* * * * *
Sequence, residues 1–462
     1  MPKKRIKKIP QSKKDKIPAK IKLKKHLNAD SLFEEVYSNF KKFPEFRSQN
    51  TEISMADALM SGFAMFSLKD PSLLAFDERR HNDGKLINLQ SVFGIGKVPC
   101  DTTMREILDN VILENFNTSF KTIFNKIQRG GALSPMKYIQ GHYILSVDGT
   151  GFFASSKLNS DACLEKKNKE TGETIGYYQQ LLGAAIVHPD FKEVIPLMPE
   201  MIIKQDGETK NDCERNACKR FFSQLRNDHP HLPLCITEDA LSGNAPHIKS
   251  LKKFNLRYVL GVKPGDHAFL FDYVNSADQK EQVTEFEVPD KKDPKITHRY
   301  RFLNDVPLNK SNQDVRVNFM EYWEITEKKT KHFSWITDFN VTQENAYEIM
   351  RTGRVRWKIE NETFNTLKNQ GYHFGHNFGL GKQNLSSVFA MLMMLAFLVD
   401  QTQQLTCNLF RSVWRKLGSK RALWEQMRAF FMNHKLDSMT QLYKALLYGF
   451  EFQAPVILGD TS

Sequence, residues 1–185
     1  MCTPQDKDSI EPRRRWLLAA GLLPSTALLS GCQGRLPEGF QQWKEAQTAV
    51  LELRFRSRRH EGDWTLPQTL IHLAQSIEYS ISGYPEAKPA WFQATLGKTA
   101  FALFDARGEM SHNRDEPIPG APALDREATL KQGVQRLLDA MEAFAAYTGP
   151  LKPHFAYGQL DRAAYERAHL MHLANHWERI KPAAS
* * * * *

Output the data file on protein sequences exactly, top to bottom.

Sequence, residues 1–462
     1  MPKKRIKKIP QSKKDKIPAK IKLKKHLNAD SLFEEVYSNF KKFPEFRSQN
    51  TEISMADALM SGFAMFSLKD PSLLAFDERR HNDGKLINLQ SVFGIGKVPC
   101  DTTMREILDN VILENFNTSF KTIFNKIQRG GALSPMKYIQ GHYILSVDGT
   151  GFFASSKLNS DACLEKKNKE TGETIGYYQQ LLGAAIVHPD FKEVIPLMPE
   201  MIIKQDGETK NDCERNACKR FFSQLRNDHP HLPLCITEDA LSGNAPHIKS
   251  LKKFNLRYVL GVKPGDHAFL FDYVNSADQK EQVTEFEVPD KKDPKITHRY
   301  RFLNDVPLNK SNQDVRVNFM EYWEITEKKT KHFSWITDFN VTQENAYEIM
   351  RTGRVRWKIE NETFNTLKNQ GYHFGHNFGL GKQNLSSVFA MLMMLAFLVD
   401  QTQQLTCNLF RSVWRKLGSK RALWEQMRAF FMNHKLDSMT QLYKALLYGF
   451  EFQAPVILGD TS

Sequence, residues 1–185
     1  MCTPQDKDSI EPRRRWLLAA GLLPSTALLS GCQGRLPEGF QQWKEAQTAV
    51  LELRFRSRRH EGDWTLPQTL IHLAQSIEYS ISGYPEAKPA WFQATLGKTA
   101  FALFDARGEM SHNRDEPIPG APALDREATL KQGVQRLLDA MEAFAAYTGP
   151  LKPHFAYGQL DRAAYERAHL MHLANHWERI KPAAS